Former Fingerprint Technician Bill Brown, cat health care and customer service volunteer
by Robin Russell, volunteer writer
From fingerprints to paw prints. The phrase sums up the arc of Bill Brown’s work life. He served a Denver police officer for 30 years, serving part of that time as a certified fingerprint technician. As such, he compared the fingerprints of people being booked for a crime with a database to insure they were who they claimed to be. He was so good at it that he was called as an “expert witness” in 50 trials, mostly involving habitual criminal cases.
When he retired in 2010, he knew he wanted to volunteer, and was asked to put his fingerprinting talents to good use in a youth organization and a legal aid society in Denver for their background checks.
What brought him to Dumb Friends League where we don’t fingerprint (paw print?) animals as they come in? It was his love of cats. Bill shares his home with Kitty Lovey, whom he adopted from the Dumb Friends League. And, Bill notes that the League does identify its pets by taking a photograph and assigning each a unique ID number.
Bill spends the better parts of three days at the Quebec Street Shelter in two areas: Cat Health Care, where he cares for very ill cats; and Customer Service, where he makes follow-up calls to people who have adopted animals that were in a behavior program before their adoptions. He finds both responsibilities very rewarding, but especially enjoys talking with the people who’ve adopted cats he cared for in Cat Health Care. Talk about seeing things full circle!
Bill wants you to know that if you ever need your fingerprint taken, or if you want to know more about this interesting process, he’d be glad to talk with you. An unusual talent indeed.
Former member of the Westernaires, communications specialist Joan Thielen
by Mary Janak, volunteer writer
Horses at Harmony Center have a special friend who visits them often—Joan Thielen, communications specialist and a former member of the Westernaires.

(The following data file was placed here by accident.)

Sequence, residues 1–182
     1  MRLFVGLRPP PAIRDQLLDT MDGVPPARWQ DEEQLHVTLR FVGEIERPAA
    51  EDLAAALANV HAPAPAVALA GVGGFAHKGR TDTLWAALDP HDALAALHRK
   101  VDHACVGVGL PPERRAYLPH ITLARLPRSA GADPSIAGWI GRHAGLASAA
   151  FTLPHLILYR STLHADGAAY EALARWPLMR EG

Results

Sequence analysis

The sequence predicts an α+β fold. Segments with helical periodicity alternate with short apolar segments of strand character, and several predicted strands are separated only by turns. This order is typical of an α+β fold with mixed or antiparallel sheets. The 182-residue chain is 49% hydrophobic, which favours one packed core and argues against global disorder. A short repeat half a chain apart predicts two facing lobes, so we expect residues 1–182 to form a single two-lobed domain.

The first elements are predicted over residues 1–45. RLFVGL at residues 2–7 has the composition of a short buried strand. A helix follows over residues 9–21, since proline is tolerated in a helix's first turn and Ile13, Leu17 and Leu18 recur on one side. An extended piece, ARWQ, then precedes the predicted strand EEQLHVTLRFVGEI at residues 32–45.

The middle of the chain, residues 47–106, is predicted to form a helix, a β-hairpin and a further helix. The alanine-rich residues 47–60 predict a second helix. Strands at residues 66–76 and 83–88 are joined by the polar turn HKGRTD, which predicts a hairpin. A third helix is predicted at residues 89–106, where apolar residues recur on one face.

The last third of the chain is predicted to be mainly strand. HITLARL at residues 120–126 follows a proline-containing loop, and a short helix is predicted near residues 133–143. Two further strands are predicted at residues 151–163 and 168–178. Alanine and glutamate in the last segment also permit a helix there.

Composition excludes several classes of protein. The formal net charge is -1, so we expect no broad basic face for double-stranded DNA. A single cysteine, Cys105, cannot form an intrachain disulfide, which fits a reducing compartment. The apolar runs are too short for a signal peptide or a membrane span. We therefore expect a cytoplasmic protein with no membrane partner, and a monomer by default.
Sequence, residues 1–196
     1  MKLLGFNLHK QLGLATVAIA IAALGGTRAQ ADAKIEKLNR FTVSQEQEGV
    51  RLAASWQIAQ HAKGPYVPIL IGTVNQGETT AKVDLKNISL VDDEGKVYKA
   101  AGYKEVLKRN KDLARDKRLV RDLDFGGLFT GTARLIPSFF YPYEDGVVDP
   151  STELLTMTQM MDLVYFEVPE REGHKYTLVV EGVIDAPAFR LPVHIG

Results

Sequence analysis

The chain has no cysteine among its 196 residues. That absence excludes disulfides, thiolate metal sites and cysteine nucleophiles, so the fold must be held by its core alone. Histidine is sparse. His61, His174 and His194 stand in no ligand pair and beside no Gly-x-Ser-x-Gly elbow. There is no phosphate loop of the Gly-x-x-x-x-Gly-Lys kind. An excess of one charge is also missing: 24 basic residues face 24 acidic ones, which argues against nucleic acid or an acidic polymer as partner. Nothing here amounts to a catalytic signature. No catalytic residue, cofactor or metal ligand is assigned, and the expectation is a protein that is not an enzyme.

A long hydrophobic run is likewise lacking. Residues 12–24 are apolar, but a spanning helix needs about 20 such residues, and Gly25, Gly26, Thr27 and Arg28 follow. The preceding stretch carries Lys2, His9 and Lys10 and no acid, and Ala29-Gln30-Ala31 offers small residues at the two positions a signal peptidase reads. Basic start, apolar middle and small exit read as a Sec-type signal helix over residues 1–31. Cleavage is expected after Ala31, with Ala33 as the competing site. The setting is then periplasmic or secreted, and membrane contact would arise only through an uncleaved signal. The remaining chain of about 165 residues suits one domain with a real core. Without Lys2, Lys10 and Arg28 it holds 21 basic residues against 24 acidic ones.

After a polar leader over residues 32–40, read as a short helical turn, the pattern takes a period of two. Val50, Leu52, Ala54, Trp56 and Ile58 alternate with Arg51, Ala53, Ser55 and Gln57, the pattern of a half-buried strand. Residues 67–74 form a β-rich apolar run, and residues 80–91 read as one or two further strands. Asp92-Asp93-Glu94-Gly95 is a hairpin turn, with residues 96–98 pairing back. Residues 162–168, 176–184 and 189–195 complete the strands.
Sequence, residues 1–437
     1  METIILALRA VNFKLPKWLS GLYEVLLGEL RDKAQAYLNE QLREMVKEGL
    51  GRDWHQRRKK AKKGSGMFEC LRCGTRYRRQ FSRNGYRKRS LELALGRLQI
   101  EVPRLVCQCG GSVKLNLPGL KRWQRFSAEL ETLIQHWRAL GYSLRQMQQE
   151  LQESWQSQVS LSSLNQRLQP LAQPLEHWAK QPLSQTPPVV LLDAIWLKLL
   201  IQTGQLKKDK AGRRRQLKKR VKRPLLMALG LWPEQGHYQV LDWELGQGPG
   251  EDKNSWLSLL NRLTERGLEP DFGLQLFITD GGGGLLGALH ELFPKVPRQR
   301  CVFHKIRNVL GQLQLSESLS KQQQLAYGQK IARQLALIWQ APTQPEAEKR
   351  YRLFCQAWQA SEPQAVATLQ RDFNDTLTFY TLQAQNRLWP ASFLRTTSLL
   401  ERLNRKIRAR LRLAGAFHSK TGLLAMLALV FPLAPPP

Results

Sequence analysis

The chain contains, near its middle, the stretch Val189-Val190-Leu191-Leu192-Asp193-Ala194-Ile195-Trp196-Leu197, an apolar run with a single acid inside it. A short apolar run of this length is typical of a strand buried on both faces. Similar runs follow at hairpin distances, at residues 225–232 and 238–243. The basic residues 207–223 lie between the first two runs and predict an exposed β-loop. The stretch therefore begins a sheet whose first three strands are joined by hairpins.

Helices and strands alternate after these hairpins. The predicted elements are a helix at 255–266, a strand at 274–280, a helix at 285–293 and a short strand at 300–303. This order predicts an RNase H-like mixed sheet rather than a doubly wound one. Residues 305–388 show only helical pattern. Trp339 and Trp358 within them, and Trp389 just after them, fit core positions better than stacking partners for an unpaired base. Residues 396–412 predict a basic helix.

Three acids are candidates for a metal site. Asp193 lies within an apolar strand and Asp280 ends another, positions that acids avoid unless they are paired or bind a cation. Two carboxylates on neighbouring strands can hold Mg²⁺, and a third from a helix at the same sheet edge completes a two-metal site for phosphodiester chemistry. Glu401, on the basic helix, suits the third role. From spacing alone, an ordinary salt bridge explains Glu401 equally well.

“Horses are amazing! I fell in love with horses as a Girl Scout,” Joan says. “My dad, encouraged by my new interest, took me to Jefferson County Fairgrounds to meet their horses, and I was hooked! Every horse I’ve met has a different personality.”
Joan was 9 when she joined Westernaires and 18 when she graduated from the program. Her older sister was also in Westernaires and their mom volunteered. Westernaires training takes place at least once a week for years.
“Westernaires consumed our lives,” Joan says. “We were at Jefferson County Fairgrounds several days a week and performed in shows across the state all year—which was a lot of fun! Not to mention the time and energy caring for and working with the horses.” It wasn’t long before Joan and her sister joined the Bounce Club. “You receive a certificate the first time you’re thrown or fall off your horse!” she says.
Everyone in Westernaires performs on precision drill teams. In addition, Joan did jumping, trick riding, dressage and ground trick roping. “I loved my jumping team, Liberty. We went over 12-inch jumps without a saddle or bridle. It required a lot of training and trust with our horses.”
Members can lease horses from Westernaires or ride their own. Joan’s family did both, a total of six horses over the years—Sunny D, Xena, Jet, Hank, Poco and Kasey. “I primarily rode Hank and considered him my horse throughout my time in Westernaires,” she says.
“My bond with Hank is probably the most powerful I’ve had with any animal. I had to really trust him, and he me, with the type of riding we did. He was a very special horse and I miss him very much. He was a goofy, intelligent guy who wanted to please. He loved being with people and was always the first to trot over and greet us when we went out to pasture to get him.”
At home, Joan and her husband are pet parents to Sydney, 12, and O’Malley, 4, both cattle dog mixes from the League. “They complete our family! They even have their own Instagram account: @Two_Spotted_Dogs.” Sydney, a former ambassadog, was part of a couple of League adoption promotions, and O’Malley’s story was featured as part of the 2016 Have a Heart for Homeless Pets Telethon.
Joan grew up in Denver and always knew she wanted to work with animals. She’s been with the League for almost 10 years.
“I love the people at the League!” Joan says. “The staff and volunteers are so passionate and it inspires me to do my best. Of course, the cat, dog and small mammal breaks are a perk of the job, and I love nothing more than watching animals’ transformation from when they arrive at the shelter to when they find their new families.”
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